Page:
Feeling low? Here’s a solution: get lower. Like on your hands and knees in a garden. Don’t have a garden? Go take a hike in some woods, or a park, or a greenhouse at a garden store. Or buy a houseplant and then transplant it in rich black potting soil from time to time, so you can breathe in that powerful scent of dirt, for its intoxicating effects and health benefits.
Health benefits in soil? We’ve known this for quite some time now. In the early ‘00s, an oncologist in England, Mary O’Brien, created a serum from Mycobacterium vaccae, bacteria that lives naturally in soil. Her intent was to boost immune systems in lung cancer patients and what she discovered was that the patients who received the treatment perked up, felt happier and experienced less pain than those who didn’t. Dr. Chris Lowry studied O’Brien’s findings further, injecting mice with M. vaccae, then observing their positive physiological and behavioural changes. “He found that cytokine levels rose – cytokines are part of a chain reaction, the end result of which is the release of serotonin,” says Naomi Sachs in her gardening blog. Meaning? Getting down and dirty with the earth can be as beneficial as taking Prozac, and without any nasty side effects. Well, except that your credit card balance might grow along with your plants if you get addicted to gardening.
But what a wonderful addiction, gardening. And I joke about the credit card balance; once your flower beds are established, it needn’t grow in relation to your plants. Speaking with an expert – I used to use my first mother-in-law, but since she passed I’ve consulted with neighbours, blogs and/or garden stores – you quickly learn what to trim, how to trim it, what can be divided and transplanted. And gardening in springtime? When the earth is warming, softening, releasing its first colour in blooms of daffodil, hyacinthe, periwinkle, and tulips? You scratch around, gathering up the dead stuff – doing the “shake and break” my daughter Jetanne called it as I puttered with her daughters, my little helpers, Simone and Naomi Lou, the other day – and lo and behold, like a miracle, there they are. The first green tips of hosta, the first red tips of peony. Remarkable isn’t it? That in those tiny, tightly wound points there is so much plant poised to burst forth.
“Just being in nature is therapeutic,” says Sachs, in her blog, “but actively connecting with nature through gardening is value-added. And why is that? All sorts of reasons have been posited: it’s a meditative practice; it’s gentle exercise; it’s fun; it allows us to be nurturing and to connect with life on a fundamental level.”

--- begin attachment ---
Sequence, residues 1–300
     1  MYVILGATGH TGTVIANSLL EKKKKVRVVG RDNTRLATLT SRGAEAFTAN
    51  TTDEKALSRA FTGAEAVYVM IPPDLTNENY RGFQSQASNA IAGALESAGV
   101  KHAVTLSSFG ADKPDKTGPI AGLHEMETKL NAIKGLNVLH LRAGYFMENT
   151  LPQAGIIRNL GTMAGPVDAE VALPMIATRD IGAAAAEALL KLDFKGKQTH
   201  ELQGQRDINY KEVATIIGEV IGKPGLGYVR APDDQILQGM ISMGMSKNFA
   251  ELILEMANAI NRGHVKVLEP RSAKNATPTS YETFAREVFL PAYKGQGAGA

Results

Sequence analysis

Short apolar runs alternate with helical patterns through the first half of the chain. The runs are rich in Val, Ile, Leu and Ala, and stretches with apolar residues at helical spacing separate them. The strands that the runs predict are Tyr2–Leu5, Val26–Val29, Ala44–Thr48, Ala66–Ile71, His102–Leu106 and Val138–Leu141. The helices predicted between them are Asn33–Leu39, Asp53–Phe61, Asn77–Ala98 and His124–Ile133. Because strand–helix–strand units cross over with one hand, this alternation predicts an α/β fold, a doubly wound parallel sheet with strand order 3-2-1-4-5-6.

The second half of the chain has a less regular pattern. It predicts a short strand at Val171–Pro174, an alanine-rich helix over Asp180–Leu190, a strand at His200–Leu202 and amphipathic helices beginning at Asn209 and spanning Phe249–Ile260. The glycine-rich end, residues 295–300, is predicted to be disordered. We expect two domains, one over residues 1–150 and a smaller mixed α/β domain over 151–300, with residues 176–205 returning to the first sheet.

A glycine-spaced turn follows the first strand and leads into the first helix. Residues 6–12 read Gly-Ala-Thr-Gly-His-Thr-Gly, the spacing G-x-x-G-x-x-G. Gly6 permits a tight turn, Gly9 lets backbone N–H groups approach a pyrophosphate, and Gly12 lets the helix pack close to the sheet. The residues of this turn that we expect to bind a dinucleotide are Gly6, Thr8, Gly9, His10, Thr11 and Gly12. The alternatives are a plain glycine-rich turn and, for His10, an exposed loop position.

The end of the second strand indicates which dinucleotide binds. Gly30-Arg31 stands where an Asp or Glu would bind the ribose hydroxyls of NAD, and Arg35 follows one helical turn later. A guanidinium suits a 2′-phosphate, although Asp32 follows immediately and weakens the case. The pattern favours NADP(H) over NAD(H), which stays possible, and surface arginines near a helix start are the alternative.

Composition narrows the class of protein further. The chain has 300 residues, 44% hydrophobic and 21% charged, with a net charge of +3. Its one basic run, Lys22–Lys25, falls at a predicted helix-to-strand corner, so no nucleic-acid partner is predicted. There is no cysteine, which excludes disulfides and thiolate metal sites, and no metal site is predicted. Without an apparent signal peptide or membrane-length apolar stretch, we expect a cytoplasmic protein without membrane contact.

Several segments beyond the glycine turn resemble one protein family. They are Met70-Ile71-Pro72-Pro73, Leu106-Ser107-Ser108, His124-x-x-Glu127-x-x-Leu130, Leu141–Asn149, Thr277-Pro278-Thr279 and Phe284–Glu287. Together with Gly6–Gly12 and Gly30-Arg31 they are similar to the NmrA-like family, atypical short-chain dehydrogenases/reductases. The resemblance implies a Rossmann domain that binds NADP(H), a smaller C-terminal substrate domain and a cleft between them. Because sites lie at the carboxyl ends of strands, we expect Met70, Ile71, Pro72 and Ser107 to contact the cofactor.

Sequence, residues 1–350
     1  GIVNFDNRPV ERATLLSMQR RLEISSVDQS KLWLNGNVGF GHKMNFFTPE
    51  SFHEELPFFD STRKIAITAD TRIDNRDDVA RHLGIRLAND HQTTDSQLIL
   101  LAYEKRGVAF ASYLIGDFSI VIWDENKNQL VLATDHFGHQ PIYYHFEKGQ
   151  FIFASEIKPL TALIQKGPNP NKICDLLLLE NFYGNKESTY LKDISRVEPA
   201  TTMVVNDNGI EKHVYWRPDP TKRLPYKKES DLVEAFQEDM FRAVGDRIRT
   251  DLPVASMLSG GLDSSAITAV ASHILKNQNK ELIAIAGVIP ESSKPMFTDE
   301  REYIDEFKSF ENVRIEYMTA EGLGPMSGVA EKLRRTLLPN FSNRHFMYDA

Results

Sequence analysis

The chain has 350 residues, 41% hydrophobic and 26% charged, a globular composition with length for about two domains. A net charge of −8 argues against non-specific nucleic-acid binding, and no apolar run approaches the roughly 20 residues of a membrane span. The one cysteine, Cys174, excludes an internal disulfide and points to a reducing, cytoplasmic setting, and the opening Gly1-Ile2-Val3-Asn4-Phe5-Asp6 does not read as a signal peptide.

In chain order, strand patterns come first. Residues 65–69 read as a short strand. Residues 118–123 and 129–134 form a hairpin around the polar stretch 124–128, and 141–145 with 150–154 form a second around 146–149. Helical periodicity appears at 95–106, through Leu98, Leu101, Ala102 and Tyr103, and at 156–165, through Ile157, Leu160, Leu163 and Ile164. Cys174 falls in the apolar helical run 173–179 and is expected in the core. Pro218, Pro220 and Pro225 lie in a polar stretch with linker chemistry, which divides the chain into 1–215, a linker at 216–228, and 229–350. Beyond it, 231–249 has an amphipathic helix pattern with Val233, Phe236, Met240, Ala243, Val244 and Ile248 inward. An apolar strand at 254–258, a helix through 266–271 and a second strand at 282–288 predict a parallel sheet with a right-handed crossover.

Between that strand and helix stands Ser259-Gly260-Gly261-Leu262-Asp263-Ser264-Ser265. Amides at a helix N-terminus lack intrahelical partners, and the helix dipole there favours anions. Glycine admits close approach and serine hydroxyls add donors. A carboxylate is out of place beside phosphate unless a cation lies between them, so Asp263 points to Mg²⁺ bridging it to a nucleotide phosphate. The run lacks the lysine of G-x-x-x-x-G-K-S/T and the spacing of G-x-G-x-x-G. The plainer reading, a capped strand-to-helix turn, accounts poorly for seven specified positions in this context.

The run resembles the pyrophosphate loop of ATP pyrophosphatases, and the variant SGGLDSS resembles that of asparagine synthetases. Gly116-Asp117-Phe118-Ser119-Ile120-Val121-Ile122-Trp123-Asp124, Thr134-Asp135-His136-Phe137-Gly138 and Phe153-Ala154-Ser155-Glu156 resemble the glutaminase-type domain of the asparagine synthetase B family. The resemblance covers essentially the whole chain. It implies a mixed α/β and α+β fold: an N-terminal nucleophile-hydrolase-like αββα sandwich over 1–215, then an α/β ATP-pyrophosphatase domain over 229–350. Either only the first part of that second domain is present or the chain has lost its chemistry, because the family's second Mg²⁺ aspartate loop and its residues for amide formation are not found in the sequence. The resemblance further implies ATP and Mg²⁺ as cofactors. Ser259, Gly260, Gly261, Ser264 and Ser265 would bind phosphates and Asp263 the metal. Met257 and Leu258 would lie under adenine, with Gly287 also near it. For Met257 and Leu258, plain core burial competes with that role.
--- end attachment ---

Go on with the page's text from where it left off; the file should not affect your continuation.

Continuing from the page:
My husband B gets positive things from cooking – meditation, an opportunity for creativity, the sensory impressions of the ingredients he works with. Then there is the result to enjoy, both for himself, but mostly, he says, for others. I guess gardening does all of those things for me. A couple of hours in the garden provides immediate visual results and, from previous experience, I know that in the coming weeks empty spaces will fill in with leaves and colour, attracting birds and bees and butterflies with their scents.
And what of that distinct odour emanating from freshly disturbed earth, or soil that has just been rained upon? Says Pagan Kennedy in The Atlantic, “Scientists call it ‘geosmin’, this dirt smell that lends the earthy taste to beets and carrots. It’s the flavour of life.”
And when those beets and carrots make it into the kitchen to be prepared for a meal, the chef may refer to it as “terroir”, from the French, meaning ‘from the land’. “The regional microbes, in the soil and air, impart their particular notes,” says Kennedy, and you can taste it – in wine, cheeses, chocolates, breads – when enjoying food and drink from various locales.
So, get outside. Get dirty. And let your kids (or grandkids) get dirty too. Says Dr. Larry Dossey in the Huffpost, “When children are exposed to the stew of microbes in dirt, their immune systems become stronger. The immune system also learns to ignore substances like pollen or the dandruff of pets, which can trigger asthma and allergies.”
Planting a flower bed, or a vegetable garden, or transplanting those wilted Easter lilies can make you feel high for many reasons. And even if you’re not inclined to scratch in the dirt, when you’re walking around this spring, inhale, deeply. Get some geosmin into your system. Afterward, sit back, swirl your red wine in its glass, then enjoy the smell and taste of the distinct terroir that contributes to its unique scent and flavour.